work, and neither indicates we’ve hit a ceiling on model scaling. As far as I know, no one is willing to
predict whether or what qualitatively new capabilities we’ll see from the next large language model. This is worth
emphasizing - people genuinely don’t know. Before seeing the results of the PaLM paper, I think you could argue that
language models would have more trouble learning math-based tasks, and the results corroborate this (both
mathematical_induction from the figure above are math-based). You could also have predicted that
at least one benchmark would get qualitatively better. I don’t see how you could have predicted
logical_sequence in particular would improve
faster than their power low curve.
The blog post for the Chinchilla model notes that given the PaLM compute budget, they expect you could match it with 140B params if you used a dataset of 3 trillion tokens of language. In other words, there’s room for improvement without changing the model architecture, as long as you crawl more training data. I don’t know how hard that is, but it has far less research uncertainty than anything from the ML side.
Let’s just say it’s not a good look for anyone claiming deep learning models are plateauing.
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That takes us to DALL·E 2.
On one hand, image generation is something that naturally captures the imagination. You don’t have to explain why it’s cool, it’s just obviously cool. Similar to language generation, progress here might overstate the state of the field, because it’s improving things we naturally find interesting. And yet, I find it hard to say this doesn’t portend something.
From a purely research standpoint, I was a bit out of the loop on what was state-of-the-art in image generation, and I didn’t realize diffusion based image synthesis was outperforming autoregressive image synthesis. Very crudely, the difference between the two is that diffusion gradually updates the entire image towards a desired target, while autoregressive generation draws each image patch in sequence. Empirically, diffusion has been working better, and some colleagues told me that it’s because diffusion better handles the high-dimensional space of image generation. That seems reasonable to me, but, look, we’re in the land of deep learning. Everything is high-dimensional. Are we going to claim that language is not a high-D problem? If diffusion models are inherently better in that regime, then diffusion models should be taking over more of the research landscape.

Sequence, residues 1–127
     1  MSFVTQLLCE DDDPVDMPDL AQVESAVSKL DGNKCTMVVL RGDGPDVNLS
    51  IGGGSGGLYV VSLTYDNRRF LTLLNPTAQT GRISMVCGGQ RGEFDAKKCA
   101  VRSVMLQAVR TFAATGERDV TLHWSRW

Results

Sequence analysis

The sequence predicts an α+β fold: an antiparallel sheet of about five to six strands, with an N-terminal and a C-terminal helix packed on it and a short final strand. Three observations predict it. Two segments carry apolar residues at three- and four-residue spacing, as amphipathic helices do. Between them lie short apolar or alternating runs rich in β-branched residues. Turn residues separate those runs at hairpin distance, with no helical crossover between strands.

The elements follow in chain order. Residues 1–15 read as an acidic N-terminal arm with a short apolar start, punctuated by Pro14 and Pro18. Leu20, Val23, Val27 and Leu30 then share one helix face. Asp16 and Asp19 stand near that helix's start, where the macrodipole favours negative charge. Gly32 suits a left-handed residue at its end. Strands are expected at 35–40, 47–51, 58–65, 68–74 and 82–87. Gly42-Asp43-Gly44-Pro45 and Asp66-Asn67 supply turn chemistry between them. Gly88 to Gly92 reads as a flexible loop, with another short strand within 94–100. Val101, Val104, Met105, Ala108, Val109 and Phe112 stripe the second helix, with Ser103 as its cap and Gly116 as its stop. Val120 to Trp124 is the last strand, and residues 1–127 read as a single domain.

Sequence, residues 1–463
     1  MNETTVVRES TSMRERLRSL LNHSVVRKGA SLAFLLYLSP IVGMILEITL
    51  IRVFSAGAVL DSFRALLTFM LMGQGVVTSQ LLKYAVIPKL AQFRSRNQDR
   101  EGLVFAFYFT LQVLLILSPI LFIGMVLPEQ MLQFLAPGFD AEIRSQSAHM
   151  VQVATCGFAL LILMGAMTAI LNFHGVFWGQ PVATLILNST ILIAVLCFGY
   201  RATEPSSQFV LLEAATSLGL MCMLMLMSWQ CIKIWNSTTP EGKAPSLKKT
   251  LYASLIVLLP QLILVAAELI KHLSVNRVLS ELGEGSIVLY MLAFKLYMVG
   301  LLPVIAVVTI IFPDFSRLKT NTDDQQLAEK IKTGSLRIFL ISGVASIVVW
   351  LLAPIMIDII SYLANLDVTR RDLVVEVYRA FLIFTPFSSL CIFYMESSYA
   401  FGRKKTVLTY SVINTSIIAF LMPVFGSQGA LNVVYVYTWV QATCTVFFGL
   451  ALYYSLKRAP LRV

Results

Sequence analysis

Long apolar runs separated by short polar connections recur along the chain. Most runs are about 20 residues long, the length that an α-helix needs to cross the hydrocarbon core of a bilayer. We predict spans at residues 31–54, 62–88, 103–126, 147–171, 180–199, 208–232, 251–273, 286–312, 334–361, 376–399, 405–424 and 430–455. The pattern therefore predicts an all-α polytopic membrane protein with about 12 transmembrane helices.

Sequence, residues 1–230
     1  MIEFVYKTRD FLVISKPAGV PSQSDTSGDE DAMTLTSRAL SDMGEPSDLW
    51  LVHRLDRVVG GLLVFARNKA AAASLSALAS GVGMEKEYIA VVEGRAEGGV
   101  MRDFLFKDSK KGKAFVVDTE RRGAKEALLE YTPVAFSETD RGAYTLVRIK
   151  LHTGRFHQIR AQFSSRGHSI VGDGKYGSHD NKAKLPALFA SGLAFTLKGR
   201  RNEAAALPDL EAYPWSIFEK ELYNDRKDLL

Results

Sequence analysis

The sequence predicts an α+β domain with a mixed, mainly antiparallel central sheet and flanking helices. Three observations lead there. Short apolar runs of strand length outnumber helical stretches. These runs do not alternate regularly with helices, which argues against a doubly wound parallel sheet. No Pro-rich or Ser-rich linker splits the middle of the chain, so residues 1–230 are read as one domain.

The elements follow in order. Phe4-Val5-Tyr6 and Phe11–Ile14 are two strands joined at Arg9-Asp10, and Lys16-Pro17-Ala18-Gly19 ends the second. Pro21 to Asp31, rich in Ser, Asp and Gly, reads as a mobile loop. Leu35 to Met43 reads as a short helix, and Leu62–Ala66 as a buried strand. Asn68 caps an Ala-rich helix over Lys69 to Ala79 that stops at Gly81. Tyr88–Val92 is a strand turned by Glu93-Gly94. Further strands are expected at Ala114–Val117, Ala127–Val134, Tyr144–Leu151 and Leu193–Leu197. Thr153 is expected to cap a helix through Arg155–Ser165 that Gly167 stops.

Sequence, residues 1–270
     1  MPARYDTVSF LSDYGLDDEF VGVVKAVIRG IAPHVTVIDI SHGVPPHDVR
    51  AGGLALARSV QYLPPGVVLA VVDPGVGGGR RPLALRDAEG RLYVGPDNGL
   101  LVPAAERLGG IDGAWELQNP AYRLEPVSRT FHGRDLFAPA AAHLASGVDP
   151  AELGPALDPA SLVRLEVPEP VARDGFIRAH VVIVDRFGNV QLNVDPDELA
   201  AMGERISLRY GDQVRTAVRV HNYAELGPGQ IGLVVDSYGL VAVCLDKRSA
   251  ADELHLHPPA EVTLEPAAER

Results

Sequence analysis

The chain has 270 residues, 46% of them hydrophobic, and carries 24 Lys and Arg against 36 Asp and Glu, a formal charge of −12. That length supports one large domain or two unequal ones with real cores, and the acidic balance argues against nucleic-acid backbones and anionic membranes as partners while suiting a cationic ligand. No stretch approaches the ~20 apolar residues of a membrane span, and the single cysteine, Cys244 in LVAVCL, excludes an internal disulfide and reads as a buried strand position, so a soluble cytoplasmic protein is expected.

Well, maybe they are. I’ve been messing around with Codex a bit, and would describe it as “occasionally amazing, often frustrating”. It’s great when it’s correct and annoying when it’s not. Almost-correct language is amusing. Almost-correct code is just wrong, and I found it annoying to continually delete bad completions when trying to coax the model to generate better ones. There was a recent announcement of improving Codex to edit and insert text, instead of just completing it. It’s better UX for sure, and in hindsight, it’s likely using the same core technology DALL-E uses for image editing.
We’re taking an image and dropping a sofa in it, or we’re taking some text and changing the sentence structure. It’s the same high level problem, and maybe it’s doing diffusion-based generation under the hood.
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Where does this leave us?
In general, there is a lot of hype and excitement about models with a natural language API. There is a building consensus that text is a rich enough input space to describe our intentions towards ML models. It may not be the only input space, but it’s hard to see anything ignoring it. If you believe the thesis that language unlocked humanity’s ability to share complex ideas in short amounts of time, then computers learning what to do based on language should be viewed as a similar sea change in how we interact with ML models.
It feels like we are heading for a future where more computer systems are “do what I mean”, where we hand more agency to models that we believe have earned the right to that agency. And we’ll do so as long as we can convince ourselves that we understand how these systems work.
I don’t think anyone actually understands how these systems work. All the model disclosure analysis I’ve read feels like it’s poking the outside of the model and cataloging how the black box responds, without any generalizable lesson aside from “consider things carefully”. Sure, that’s fine for now, but that approach gets harder when your model is capable of more things. I hope people are paying attention.